Cracked Concrete

Researchers are using both biological and chemical approaches to fill the gaps in broken concrete.

Filling the gap: self-healing concrete

Cracks in concrete buildings, roads, and sidewalks are common and often require costly plugging. But what if concrete, the world's most used construction material, could detect cracking and heal itself? There would not only be significant cost savings (in 2002, the
Corrosion Society estimated the cost of corrosion in construction and other applications to be $276 billion annually, over 3% of US GDP), but there would be an environmental benefit as well; concrete production accounts for 10 percent of the world's carbon dioxide

Researchers are taking both chemically and biologically-based approaches to create concrete that heals itself. Chemical approaches typically use outside or embedded water supplies to activate dry cement grains, while biologists are looking at bacteria to fill holes.
At Delft University of Technology in the Netherlands, bacteria are being used to produce limestone (calcium carbonate) and fill cracks. Dr. Henk Jonkers is placing these bacteria in a concrete mixture. If a crack occurs and water and oxygen enter the concrete, then the
bacteria can produce limestone. The challenge is creating the right environment for these alkaliphilic bacteria, which can withstand the high acidity of concrete.

Delft researchers believe that "bacterial concrete" would be ideal for  the construction of underground retainers for hazardous waste; humans would not have to go near the waste to repair cracks. However, it may be a while before this concrete becomes economically viable in residential buildings.

Researchers at the South Dakota School of Mines & Technology (SDSMT) are collaborating with Delft, but have some ideas of their own which show promise. Dr. M.R. Hansen, a professor of civil engineering, and his prior students, Rebecca Vandine and Cassy West, have demonstrated two concepts for concrete healing, both relying on water. One method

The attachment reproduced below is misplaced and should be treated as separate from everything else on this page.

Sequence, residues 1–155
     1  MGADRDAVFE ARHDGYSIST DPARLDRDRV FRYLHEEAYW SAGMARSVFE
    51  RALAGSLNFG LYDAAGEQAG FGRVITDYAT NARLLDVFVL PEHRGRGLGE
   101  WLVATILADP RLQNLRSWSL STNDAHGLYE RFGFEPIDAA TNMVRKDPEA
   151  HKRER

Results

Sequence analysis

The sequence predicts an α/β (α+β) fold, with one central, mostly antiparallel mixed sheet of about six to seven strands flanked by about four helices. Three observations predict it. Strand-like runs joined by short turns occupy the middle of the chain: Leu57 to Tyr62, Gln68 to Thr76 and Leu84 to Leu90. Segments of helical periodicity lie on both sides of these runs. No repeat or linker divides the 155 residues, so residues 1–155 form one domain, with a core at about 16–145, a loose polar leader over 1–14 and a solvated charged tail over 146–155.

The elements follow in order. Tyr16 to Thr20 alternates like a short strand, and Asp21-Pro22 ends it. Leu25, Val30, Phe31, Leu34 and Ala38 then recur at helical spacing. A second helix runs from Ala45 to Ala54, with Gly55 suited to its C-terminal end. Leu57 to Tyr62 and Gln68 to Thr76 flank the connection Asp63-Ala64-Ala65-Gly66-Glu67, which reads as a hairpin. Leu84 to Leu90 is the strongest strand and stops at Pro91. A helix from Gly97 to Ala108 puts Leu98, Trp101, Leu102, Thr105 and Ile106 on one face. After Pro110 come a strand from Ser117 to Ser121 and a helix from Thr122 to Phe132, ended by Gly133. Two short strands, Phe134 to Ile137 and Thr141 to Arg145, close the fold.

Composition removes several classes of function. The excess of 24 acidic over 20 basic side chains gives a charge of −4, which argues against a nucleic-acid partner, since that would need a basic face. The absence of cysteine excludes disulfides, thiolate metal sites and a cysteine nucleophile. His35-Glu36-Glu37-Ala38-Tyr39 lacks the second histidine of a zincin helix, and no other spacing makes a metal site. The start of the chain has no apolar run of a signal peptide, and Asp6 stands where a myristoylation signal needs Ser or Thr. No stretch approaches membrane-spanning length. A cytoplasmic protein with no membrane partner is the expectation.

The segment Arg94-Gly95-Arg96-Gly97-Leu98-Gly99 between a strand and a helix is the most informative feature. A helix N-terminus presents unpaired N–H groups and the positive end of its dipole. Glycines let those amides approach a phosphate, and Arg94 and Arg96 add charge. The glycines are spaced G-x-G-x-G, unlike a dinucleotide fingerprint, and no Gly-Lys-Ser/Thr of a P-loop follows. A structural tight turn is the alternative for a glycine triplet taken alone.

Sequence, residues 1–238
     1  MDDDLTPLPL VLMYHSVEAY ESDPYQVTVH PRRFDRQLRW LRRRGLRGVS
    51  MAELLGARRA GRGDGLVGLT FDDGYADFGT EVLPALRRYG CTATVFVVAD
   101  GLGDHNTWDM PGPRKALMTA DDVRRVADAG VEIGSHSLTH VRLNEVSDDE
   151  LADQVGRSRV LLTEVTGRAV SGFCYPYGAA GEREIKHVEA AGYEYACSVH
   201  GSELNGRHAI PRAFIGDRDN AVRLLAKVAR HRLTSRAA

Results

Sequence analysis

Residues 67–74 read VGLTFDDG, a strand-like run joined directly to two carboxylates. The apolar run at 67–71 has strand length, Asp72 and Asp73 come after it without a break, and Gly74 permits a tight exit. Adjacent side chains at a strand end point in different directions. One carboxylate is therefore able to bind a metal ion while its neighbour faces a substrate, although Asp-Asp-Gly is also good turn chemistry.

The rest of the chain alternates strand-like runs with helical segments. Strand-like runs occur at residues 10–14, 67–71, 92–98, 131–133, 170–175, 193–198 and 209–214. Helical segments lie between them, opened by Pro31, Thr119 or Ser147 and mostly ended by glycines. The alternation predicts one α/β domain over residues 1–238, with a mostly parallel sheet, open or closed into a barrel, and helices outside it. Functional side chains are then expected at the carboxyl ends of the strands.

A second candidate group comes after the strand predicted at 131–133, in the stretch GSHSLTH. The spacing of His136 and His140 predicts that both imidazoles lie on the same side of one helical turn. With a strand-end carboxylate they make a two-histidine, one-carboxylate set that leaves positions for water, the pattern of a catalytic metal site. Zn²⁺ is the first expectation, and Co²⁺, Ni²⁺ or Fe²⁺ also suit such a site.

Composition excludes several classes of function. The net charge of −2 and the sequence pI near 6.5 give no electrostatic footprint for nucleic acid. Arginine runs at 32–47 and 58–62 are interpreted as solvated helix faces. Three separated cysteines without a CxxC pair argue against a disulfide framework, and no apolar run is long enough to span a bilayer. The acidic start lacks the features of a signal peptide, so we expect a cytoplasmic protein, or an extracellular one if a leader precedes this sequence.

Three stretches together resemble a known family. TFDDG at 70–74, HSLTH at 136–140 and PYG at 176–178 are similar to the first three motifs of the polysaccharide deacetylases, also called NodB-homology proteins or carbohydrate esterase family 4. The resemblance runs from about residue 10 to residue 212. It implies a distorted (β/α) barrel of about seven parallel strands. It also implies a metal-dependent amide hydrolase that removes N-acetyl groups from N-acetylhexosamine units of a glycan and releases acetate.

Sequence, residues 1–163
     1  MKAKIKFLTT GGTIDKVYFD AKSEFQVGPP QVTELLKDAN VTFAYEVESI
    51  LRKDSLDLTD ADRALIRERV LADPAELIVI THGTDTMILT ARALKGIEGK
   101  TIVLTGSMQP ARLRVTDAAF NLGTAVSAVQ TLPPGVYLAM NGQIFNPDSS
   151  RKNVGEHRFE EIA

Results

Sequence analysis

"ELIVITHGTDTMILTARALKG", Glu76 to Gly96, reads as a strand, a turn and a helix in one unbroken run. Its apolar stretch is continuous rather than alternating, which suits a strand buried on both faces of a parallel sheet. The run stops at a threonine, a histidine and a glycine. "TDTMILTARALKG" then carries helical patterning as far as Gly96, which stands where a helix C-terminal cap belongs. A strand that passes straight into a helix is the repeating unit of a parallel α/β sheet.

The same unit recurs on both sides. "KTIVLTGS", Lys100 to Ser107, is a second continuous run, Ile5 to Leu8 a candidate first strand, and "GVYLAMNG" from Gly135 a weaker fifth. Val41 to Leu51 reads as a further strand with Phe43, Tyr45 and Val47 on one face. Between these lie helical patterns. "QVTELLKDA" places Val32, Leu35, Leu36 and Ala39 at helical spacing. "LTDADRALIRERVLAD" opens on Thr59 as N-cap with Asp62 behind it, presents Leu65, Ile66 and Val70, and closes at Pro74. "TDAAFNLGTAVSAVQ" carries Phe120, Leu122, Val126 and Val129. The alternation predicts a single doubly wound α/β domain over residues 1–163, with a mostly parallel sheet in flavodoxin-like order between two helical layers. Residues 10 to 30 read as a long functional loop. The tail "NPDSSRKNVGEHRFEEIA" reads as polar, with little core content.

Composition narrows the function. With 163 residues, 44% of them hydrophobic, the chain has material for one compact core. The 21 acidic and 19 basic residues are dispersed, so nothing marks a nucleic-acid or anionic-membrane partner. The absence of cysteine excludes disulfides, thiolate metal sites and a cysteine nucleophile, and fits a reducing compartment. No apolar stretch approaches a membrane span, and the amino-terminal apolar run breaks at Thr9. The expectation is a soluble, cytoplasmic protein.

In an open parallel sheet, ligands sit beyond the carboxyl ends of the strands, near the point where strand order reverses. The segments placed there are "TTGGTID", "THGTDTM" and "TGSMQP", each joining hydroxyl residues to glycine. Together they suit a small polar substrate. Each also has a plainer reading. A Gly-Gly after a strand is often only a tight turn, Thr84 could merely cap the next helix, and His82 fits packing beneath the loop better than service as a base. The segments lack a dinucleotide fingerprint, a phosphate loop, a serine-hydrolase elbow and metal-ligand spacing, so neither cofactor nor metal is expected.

takes water from outside –  f.e. rainwater – and combines it with residual concrete ingredients to promote internal healing.

A second method involves water storage within the concrete. "We always get some tiny microcracks in the cement. If we can have some residual water on the inside, some of that
water can find unhydrated cement grains and reactivate them and reglue things together," says Hansen.

One challenge is making the water flow through concrete. SDSMT researchers use admixtures to make the water "more slippery," says Hansen. "We add chemicals or admixtures to reduce the surface tension so water will flow more easily. Without that, the water may not go into the tiniest cracks."

The concrete developed by Hansen and his students was cracked and then healed for 28 days before being tested. Some of the concrete samples showed as much as 100% healing. "Does it always heal perfectly? No, of course not," says Hansen, who is now seeking funds from the National Science Foundation for further study. "More research is required. Can the amount of healing be improved with the right materials? Yes."

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